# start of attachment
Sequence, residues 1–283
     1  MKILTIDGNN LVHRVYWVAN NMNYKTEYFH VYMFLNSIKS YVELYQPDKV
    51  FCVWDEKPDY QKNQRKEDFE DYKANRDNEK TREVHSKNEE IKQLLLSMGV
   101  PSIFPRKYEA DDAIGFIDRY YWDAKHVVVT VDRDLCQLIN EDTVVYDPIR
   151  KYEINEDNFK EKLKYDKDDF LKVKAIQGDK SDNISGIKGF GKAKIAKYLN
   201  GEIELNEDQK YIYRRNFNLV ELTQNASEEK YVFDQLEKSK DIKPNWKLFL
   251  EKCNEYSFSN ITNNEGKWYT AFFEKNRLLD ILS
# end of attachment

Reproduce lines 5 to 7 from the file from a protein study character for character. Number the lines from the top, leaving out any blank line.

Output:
   151  KYEINEDNFK EKLKYDKDDF LKVKAIQGDK SDNISGIKGF GKAKIAKYLN
   201  GEIELNEDQK YIYRRNFNLV ELTQNASEEK YVFDQLEKSK DIKPNWKLFL
   251  EKCNEYSFSN ITNNEGKWYT AFFEKNRLLD ILS